Another thing…many times the designer (you) has hired somebody to make their patterns, and as is often the case, the pattern maker will try to downplay the importance of the problem because it’s work they have to fix and they won’t get paid for it (if they’re not your employee). I say too bad because this sort of error was preventable (later) and they would have caught the error if they’d checked their work. They’re responsible for checking their work before passing it off to anybody else in the process, period! If a pattern maker has to remake patterns to correct mistakes on their dime, they’ll either begin to check their work as they should be doing anyway or they’ll become a designer (joke). Typically, a good pattern maker will be aghast at their error and correct it once it’s brought to their attention. A less than professional pattern maker will minimize the significance to avoid the re-work. That’s one way to tell who’s a good pattern maker.
Anyway back to the sample. Once this problem is discovered, everything should come to a screeching halt. Do not proceed further. Now is when trouble shooting begins. To troubleshoot, work backwards. This means you’d check each of the previous seams first, have they been sewn as directed? In this case they were. Okay, since sewing isn’t the problem (it never is; while poorly formed seams may be apparent, the cause necessitating the sewing work-around started well before then) you go back to cutting. Was the cutting a problem? In this case, it was not. The pieces were affixed with adhesive, the drill holes were marked and all cut lines were cut away. Therefore, this leaves the pattern as the likely problem (this is nearly always the problem).
So let’s troubleshoot the pattern next. Below you’ll see the Left back shell and the Left back lining pieces. These are the pieces I was sewing when the problem first became apparent. First, I’ve marked off all seam allowances on both and folded the fold lines.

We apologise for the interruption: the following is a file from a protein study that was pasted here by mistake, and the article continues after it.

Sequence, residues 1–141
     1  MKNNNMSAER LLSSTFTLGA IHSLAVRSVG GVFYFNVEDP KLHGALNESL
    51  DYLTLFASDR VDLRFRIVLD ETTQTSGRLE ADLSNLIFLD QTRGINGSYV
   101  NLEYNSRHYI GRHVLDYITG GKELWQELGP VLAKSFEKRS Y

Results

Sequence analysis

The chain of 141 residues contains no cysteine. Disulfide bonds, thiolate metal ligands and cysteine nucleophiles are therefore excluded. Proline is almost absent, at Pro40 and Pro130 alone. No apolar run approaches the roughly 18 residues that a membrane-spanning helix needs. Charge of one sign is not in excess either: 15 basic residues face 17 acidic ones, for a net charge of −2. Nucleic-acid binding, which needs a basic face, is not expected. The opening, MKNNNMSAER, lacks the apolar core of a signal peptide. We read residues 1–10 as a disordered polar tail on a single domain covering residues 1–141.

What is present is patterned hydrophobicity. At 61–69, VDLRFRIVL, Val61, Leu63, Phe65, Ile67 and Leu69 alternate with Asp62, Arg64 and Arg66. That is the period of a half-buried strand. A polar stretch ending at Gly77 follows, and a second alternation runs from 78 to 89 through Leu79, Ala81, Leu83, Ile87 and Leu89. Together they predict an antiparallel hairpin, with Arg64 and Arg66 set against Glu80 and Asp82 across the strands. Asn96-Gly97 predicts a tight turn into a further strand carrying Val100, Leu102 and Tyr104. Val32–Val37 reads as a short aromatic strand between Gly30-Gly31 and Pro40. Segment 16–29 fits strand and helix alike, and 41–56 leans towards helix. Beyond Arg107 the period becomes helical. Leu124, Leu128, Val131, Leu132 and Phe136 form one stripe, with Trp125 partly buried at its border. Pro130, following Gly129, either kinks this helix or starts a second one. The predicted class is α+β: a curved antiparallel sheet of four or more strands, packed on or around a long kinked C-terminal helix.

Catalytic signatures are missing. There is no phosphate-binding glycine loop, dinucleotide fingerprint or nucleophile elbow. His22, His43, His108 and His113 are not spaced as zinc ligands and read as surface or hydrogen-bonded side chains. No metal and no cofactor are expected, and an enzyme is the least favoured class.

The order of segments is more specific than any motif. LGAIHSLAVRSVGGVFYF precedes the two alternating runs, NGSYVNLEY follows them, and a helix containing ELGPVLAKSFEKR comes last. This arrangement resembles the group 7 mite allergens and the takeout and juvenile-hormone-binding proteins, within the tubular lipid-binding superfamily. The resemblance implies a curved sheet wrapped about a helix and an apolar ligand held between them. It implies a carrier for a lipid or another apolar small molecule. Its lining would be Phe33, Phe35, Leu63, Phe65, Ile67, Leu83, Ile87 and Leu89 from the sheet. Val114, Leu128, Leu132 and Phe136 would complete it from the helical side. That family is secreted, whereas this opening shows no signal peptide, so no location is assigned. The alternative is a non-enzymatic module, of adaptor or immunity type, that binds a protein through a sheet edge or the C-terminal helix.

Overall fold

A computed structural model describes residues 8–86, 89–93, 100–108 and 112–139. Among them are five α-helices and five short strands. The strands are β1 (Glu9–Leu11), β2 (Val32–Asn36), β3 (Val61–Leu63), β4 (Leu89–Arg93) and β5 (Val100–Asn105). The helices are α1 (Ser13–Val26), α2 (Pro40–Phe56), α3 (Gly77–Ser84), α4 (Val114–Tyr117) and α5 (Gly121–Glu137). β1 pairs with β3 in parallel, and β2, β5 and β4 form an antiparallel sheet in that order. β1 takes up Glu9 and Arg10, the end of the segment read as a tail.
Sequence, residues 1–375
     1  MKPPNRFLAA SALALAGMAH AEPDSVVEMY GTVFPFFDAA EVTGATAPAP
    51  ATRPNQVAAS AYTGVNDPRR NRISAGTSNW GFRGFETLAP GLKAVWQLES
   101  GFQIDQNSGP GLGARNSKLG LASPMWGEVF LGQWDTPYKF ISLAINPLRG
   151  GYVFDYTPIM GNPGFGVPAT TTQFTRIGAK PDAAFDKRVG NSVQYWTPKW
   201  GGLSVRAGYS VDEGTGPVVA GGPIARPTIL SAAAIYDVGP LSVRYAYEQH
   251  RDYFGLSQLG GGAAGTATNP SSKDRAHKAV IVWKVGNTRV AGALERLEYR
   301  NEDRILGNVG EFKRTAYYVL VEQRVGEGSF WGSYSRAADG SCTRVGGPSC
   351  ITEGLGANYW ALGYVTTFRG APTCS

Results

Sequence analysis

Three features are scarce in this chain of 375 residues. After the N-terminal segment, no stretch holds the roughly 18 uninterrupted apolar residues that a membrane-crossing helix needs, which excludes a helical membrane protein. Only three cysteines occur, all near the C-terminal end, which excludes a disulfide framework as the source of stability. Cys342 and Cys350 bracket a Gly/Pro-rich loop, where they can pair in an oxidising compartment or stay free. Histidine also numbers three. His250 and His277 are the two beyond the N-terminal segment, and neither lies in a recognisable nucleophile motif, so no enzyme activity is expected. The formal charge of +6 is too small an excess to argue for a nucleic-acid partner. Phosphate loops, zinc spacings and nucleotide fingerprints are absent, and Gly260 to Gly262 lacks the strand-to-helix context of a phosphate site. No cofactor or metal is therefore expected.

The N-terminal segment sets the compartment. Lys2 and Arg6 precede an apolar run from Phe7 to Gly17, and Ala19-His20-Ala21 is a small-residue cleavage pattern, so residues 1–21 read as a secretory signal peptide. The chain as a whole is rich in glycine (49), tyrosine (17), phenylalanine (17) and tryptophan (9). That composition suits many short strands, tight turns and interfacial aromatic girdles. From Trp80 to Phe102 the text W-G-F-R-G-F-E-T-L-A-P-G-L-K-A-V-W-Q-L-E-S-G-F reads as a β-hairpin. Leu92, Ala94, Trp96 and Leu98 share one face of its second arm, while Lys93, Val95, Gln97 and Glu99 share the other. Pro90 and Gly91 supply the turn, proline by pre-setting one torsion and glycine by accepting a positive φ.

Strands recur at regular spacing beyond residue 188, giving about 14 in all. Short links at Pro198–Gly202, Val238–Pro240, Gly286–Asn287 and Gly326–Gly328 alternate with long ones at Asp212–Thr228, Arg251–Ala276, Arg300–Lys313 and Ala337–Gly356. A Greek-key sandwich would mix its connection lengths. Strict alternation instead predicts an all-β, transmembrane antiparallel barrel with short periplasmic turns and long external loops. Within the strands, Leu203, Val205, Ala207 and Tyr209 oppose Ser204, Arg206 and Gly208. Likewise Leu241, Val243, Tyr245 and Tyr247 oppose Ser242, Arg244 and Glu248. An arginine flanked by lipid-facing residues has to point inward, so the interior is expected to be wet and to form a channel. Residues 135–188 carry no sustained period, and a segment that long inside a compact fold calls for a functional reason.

Below you can see I’ve folded the back shell onto itself in the positions it would lie were it sewn.
Below you can see I’ve repeated the process for the back lining.
Below, you can see I’ve laid the two on top of each other and a quick glance may not show the error but do recall that the lining is not supposed to be flush with the end of the shell hem!
Rather, the lining should be shorter. Below I’ve pulled the lining up into it’s correct position. It’s readily apparent that the problem here is a too-long lining.
The correction (below) is simple. It’s precisely one inch too long. I’ve marked it off, cut the difference away and folded the seam allowance.
And here -finally- you can see the lining reset into position with the correction and it matches perfectly.
When troubleshooting, you should use these same steps to find problems and correct them. Don’t skip a step in the process because it may not be your pattern but the cutting. Or, it could be that the wrong pattern entirely was used. I’ve actually seen that happen. To troubleshoot that, you take the leftover pieces of the marker and lay that on top of the hard copy pattern. Sometimes the person who made the marker grabbed the wrong parent style or used an earlier version of the style. That’s another reason you need a good style numbering system. I should write about that sometime. Briefly, if two items “look” exactly the same except one takes buttons and the other takes a zipper, they need two entirely different style numbers because the patterns are different. Using different style numbers even tho the two styles “look” the same would prevent these kinds of things from occurring. Style numbers don’t number/label styles so the name is a misnomer. Style numbers number/label patterns! I realize home sewing is different and you get one style number for one envelope of different patterns but this is not home sewing. And, if it doesn’t work in home sewing (and it doesn’t) there’s no way it’d work in industry. By the way, you can walk your home sewing patterns just like this and you will be absolutely amazed at how bad they are! They don’t check their work.
Speaking of not checking your work, it is unlikely that this specific error would have occurred in real life. Not by a professional anyway. A professional would have compared (walked) the side seams of the front and back linings and found the disparity well beforehand. It is imperative that someone, either you, the pattern maker or a sample maker to walk the pattern before a sample is ever cut out. And you can see why now. On Monday, I have to start all over again! You don’t have to though. To make your corrections, cut one inch off your lining pieces and you’re good to go. You can do this tutorial this weekend.
Name this tutorial
Nameless tutorial #2
Nameless tutorial #3
Nameless tutorial #4
Nameless #5 (back vent)
Nameless #6 -Troubleshooting
Nameless Tutorial #7
Nameless Tutorial #8
Nameless Tutorial #9